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Soviet power plus electrification: what is the long-run legacy of communism?

Author

Listed:
  • Wendy Carlin

    (University College London and CEPR)

  • Mark Schaffer

    (Heriot-Watt University)

  • Paul Seabright

    (Toulouse School of Economics and CEPR)

Abstract

Two decades after the end of central planning, we investigate the extent to which the advantages bequeathed by planning in terms of high investment in physical infrastructure and human capital compensated for the costs in allocative inefficiency and weak incentives for innovation. We assemble and analyse three separate types of evidence. First, we find that countries that were initially relatively poor prior to planning benefited more, as measured by long-run GDP per capita levels, from infrastructure and human capital than they suffered from weak market incentives. For initially relatively rich countries the opposite is true. Second, using various measures of physical stocks of infrastructure and human capital we show that at the end of planning, transition countries had substantially different endowments from their contemporaneous non-transition counterparts. However, these differences were much more important for poor than for rich countries. Finally, we use firm-level data to measure the cost of a wide range of constraints on firm performance, and we show that after more than a decade of transition in 2002–05, poor transition economies differ much more from their non-transition counterparts, in respect to both good and bad aspects of the planning legacy, than do relatively rich transition countries. However, the persistent beneficial legacy effects disappeared under the pressure of strong growth in transition economies in the run-up to the global financial crisis.

Suggested Citation

  • Wendy Carlin & Mark Schaffer & Paul Seabright, 2012. "Soviet power plus electrification: what is the long-run legacy of communism?," Working Papers 43-2012, Macerata University, Department of Studies on Economic Development (DiSSE), revised Jul 2014.
  • Handle: RePEc:mcr:wpaper:wpaper00043
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    References listed on IDEAS

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    Cited by:

    1. Wendy Carlin & Mark Schaffer, 2012. "The Business Environment in the Transition," CESifo Working Paper Series 3934, CESifo Group Munich.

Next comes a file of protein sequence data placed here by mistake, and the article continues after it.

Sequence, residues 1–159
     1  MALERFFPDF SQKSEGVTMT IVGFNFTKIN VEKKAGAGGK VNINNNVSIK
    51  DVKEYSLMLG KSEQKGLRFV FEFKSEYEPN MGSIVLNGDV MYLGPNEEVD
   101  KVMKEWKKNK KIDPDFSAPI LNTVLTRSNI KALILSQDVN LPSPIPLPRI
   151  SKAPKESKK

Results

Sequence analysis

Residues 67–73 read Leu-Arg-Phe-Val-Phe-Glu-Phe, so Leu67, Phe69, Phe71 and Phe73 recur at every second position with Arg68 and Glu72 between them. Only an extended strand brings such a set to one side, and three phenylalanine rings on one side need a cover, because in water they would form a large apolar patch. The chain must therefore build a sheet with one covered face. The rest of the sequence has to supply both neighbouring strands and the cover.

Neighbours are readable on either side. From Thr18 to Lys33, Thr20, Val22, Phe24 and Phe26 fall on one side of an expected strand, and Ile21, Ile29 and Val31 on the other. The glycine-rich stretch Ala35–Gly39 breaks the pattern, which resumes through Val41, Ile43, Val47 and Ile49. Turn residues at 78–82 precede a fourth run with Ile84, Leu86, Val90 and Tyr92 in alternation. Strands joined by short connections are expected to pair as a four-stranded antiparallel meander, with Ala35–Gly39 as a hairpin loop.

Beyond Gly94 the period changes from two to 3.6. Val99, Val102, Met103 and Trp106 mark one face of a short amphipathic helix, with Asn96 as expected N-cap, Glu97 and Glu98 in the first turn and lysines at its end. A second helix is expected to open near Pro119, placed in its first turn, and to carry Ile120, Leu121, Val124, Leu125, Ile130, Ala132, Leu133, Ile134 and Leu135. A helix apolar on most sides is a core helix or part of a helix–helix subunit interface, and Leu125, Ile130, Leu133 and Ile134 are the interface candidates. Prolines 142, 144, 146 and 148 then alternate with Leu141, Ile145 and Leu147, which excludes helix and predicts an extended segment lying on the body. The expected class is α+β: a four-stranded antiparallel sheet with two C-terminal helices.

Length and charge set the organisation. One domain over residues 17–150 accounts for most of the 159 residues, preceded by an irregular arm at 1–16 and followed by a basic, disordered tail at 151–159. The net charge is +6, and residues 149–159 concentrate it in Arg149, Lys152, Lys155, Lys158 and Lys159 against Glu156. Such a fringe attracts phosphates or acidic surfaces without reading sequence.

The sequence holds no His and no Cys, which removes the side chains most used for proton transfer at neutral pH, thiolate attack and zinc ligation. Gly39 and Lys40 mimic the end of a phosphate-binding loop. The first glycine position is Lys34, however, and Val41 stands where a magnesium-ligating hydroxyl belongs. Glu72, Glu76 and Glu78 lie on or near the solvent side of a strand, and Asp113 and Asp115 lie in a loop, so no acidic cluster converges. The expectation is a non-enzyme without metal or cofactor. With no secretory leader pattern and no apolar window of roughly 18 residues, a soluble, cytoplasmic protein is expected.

2. repec:wfo:wstudy:50931 is not listed on IDEAS
    3. Pradeep Mitra & Alexander Muravyev & Mark Schaffer, 2014. "Labor reallocation and firm growth: benchmarking transition countries against mature market economies," IZA Journal of Labor & Development, Springer;Forschungsinstitut zur Zukunft der Arbeit GmbH (IZA), vol. 3(1), pages 1-22, December.
    4. Friesenbichler, Klaus & Fritz, Oliver & Hölzl, Werner & Misch, Florian & Streicher, Gerhard & Yeter, Mustafa, 2014. "The efficiency of EU public administration in helping firms grow: Final report / Österreichisches Institut für Wirtschaftsforschung; Zentrum für Europäische Wirtschaftsforschung. Carried out for the E," ZEW Expertises, ZEW - Zentrum für Europäische Wirtschaftsforschung / Center for European Economic Research, number 111450.
    5. Aktoty Aitzhanova & Shigeo Katsu & Johannes F. Linn & Vladislav Yezhov (ed.), 2014. "Kazakhstan 2050: Toward a Modern Society for All," Books, Emerging Markets Forum, edition 1, number kazakh2050, August.
    6. Nielsen, Hana, 2017. "Productive efficiency in the iron and steel sector under state planning: The case of China and former Czechoslovakia in a comparative perspective," Applied Energy, Elsevier, vol. 185(P2), pages 1732-1743.

    More about this item

    Keywords

    business environment; transition; institutions; infrastructure; planned economy;

    JEL classification:

    • O43 - Economic Development, Innovation, Technological Change, and Growth - - Economic Growth and Aggregate Productivity - - - Institutions and Growth
    • P21 - Economic Systems - - Socialist Systems and Transition Economies - - - Planning, Coordination, and Reform

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